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Year with C. S. Lewis, A
Daily Readings from His Classic Works
Supposing We Really Found Him?
It is always shocking to meet life where we thought we were alone. 'Look out!' we cry, 'it's alive'. And therefore this is the very point at which so many draw back -- I would have done so myself if I could -- and proceed no further with Christianity. An 'impersonal God' -- well and good. A subjective God of beauty, truth and goodness, inside our own heads -- better still. A formless life-force surging through us, a vast power which we can tap -- best of all. But God Himself, alive, pulling at the other end of the cord, perhaps approaching at an infinite speed, the hunter, king, husband -- that is quite another matter. There comes a moment when the children who have been playing at burglars hush suddenly: was that a real footstep in the hall? There comes a moment when people who have been dabbling in religion ('Man's search for God!') suddenly draw back. Supposing we really found Him? We never meant it to come to that! Worse still, supposing He had found us?
-- from Miracles
January 1911 Lewis (age twelve) enrolls at Cherbourg Preparatory School in Malvern.
Imagine a Mystical Limpet
Why are many people prepared in advance to maintain that, whatever else God may be, He is not the concrete, living, willing, and acting God of Christian theology? I think the reason is as follows. Let us suppose a mystical limpet, a sage among limpets, who (rapt in vision) catches a glimpse of what Man is like. In reporting it to his disciples, who have some vision themselves (though less than he) he will have to use many negatives. He will have to tell them that Man has no shell, is not attached to a rock, is not surrounded by water. And his disciples, having a little vision of their own to help them, do get some idea of Man. But then there come erudite limpets, limpets who write histories of philosophy and give lectures on comparative religion, and who have never had any vision of their own. What they get out of the prophetic limpet's words is simply and solely the negatives. From these, uncorrected by any positive insight, they build up a picture of Man as a sort of amorphous jelly (he has no shell) existing nowhere in particular (he is not attached to a rock) and never taking nourishment (there is no water to drift it towards him). And having a traditional reverence for Man they conclude that to be a famished jelly in a dimensionless void is the supreme mode of existence, and reject as crude, materialistic superstition any doctrine which would attribute to Man a definite shape, a structure, and organs.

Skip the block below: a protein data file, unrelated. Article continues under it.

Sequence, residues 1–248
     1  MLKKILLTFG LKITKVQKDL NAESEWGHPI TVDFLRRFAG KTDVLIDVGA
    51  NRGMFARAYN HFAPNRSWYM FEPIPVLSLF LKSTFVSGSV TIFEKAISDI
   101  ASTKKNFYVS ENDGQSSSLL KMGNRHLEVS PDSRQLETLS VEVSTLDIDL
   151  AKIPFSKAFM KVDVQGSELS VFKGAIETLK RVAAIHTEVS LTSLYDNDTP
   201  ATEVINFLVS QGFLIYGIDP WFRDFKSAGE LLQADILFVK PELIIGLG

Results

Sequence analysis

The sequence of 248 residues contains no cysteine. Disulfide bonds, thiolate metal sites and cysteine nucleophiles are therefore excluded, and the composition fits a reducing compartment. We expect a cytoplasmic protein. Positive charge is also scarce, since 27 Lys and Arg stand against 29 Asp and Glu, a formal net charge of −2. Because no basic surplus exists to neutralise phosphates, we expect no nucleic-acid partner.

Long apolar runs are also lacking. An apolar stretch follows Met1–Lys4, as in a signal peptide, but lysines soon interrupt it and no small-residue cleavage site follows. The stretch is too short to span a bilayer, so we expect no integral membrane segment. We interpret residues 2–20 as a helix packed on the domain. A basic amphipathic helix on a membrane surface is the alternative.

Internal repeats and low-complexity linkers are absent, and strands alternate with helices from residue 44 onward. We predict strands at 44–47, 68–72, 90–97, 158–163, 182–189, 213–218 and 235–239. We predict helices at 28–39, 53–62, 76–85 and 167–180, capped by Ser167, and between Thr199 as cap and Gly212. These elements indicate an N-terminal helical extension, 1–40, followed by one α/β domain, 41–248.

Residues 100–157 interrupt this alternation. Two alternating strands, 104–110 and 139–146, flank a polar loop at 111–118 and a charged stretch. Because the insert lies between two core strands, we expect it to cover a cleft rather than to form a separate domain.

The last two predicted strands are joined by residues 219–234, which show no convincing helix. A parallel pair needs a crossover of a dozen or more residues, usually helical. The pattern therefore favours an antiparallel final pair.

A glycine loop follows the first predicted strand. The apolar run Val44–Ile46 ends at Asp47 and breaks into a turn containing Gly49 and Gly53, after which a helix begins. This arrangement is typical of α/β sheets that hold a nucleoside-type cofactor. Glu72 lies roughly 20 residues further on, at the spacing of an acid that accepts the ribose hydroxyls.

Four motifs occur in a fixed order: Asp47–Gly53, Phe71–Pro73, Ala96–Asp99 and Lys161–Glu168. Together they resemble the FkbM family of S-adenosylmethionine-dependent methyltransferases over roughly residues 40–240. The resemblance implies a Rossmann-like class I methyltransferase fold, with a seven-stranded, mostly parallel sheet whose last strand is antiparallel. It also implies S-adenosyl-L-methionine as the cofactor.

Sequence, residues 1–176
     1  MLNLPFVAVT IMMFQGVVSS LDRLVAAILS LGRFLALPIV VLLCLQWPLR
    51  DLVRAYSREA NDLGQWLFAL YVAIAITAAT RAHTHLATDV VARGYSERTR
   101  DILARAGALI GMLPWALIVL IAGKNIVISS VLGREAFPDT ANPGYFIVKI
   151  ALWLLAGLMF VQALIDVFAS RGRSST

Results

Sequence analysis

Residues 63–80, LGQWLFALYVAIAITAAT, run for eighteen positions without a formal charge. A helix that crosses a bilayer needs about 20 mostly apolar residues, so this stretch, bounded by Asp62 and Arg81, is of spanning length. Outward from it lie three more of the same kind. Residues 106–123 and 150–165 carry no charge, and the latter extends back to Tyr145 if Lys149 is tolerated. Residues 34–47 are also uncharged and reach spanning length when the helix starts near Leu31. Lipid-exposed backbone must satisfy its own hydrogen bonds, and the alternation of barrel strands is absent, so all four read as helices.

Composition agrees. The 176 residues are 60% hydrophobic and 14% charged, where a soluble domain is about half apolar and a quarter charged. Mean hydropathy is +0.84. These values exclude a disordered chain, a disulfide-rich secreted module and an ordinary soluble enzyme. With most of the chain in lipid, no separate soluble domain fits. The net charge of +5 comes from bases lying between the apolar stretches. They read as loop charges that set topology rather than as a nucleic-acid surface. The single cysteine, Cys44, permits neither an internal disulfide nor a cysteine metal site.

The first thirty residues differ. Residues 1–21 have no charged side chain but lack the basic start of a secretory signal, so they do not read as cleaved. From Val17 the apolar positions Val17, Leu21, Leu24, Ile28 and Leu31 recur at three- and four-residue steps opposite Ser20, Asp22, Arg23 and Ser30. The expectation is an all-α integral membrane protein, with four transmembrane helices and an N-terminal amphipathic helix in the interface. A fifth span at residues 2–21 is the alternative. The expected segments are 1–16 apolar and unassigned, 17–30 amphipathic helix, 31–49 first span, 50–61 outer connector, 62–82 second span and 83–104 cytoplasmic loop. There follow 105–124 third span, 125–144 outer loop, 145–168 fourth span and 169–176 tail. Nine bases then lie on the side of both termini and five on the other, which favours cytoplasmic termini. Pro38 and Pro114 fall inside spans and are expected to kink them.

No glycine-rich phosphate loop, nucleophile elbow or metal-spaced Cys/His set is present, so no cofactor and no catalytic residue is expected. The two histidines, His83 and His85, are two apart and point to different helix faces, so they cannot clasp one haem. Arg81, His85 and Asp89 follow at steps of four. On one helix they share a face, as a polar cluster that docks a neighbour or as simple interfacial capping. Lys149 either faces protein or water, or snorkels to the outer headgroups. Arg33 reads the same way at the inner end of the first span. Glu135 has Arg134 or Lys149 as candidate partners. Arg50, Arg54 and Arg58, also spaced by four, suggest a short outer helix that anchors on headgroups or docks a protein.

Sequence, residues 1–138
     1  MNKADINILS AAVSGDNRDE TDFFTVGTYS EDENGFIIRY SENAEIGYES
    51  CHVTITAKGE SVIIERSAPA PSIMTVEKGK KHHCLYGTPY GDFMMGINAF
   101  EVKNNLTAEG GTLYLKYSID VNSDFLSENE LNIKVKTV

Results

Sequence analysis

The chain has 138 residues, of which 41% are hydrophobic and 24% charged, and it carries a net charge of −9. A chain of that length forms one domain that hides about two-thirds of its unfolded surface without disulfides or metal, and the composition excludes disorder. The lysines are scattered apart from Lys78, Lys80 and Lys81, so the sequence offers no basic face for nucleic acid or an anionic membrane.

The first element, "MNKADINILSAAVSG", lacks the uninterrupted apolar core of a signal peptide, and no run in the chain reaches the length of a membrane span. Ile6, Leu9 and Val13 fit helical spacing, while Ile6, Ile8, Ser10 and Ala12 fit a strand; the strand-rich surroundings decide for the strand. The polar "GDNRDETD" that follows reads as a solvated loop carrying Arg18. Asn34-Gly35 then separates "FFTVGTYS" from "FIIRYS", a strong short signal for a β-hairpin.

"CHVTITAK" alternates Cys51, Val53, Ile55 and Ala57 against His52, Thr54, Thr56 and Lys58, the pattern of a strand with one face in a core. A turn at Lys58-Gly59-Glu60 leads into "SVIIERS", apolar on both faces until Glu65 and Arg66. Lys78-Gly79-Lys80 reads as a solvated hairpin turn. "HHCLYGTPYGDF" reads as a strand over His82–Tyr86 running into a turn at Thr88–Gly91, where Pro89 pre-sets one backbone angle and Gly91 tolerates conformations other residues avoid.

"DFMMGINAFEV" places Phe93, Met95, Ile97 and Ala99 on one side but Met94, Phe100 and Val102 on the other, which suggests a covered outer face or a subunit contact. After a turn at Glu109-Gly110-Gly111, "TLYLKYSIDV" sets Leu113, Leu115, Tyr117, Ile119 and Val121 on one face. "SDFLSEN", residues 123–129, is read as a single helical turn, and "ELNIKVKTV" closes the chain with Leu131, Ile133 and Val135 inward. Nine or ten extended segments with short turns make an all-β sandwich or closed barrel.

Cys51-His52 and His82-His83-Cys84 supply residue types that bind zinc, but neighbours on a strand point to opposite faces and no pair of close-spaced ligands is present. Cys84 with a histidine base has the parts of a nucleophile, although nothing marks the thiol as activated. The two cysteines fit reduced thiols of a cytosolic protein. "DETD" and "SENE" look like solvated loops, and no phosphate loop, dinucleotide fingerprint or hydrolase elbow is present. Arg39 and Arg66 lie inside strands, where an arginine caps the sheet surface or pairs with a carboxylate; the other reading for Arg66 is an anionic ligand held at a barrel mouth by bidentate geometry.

-- from Miracles
January 1914 Lewis and childhood Belfast friend Arthur Greeves begin what would be a lifelong correspondence.
Not Naked but Reclothed
Our own situation is much like that of the erudite limpets. Great prophets and saints have an intuition of God which is positive and concrete in the highest degree. Because, just touching the fringes of His being, they have seen that He is plenitude of life and energy and joy, therefore (and for no other reason) they have to pronounce that He transcends those limitations which we call personality, passion, change, materiality, and the like. The positive quality in Him which repels these limitations is their only ground for all the negatives. But when we come limping after and try to construct an intellectual or 'enlightened' religion, we take over these negatives (infinite, immaterial, impassible, immutable, etc.) and use them unchecked by any positive intuition. At each step we have to strip off from our idea of God some human attribute. But the only real reason for stripping off the human attribute is to make room for putting in some positive divine attribute. In St Paul's language, the purpose of all this unclothing is not that our idea of God should reach nakedness but that it should be reclothed. But unhappily we have no means of doing the reclothing. When we have removed from our idea of God some puny human characteristic, we (as merely erudite or intelligent enquirers) have no resources from which to supply that blindingly real and concrete attribute of Deity which ought to replace it. Thus at each step in the process of refinement our idea of God contains less, and the fatal pictures come in (an endless, silent sea, an empty sky beyond all stars, a dome of white radiance) and we reach at last mere zero and worship a nonentity.
-- from Miracles
1892 J. R. R. Tolkien, Lewis's longtime friend, colleague, and fellow Inkling (a group of friends who meet regularly from about 1930 to 1963 to share writings, good conversation, and the odd pint), is born in Bloemfontein, South Africa. Year with C. S. Lewis, A
Daily Readings from His Classic Works. Copyright © by C. Lewis. Reprinted by permission of HarperCollins Publishers, Inc. All rights reserved. Available now wherever books are sold.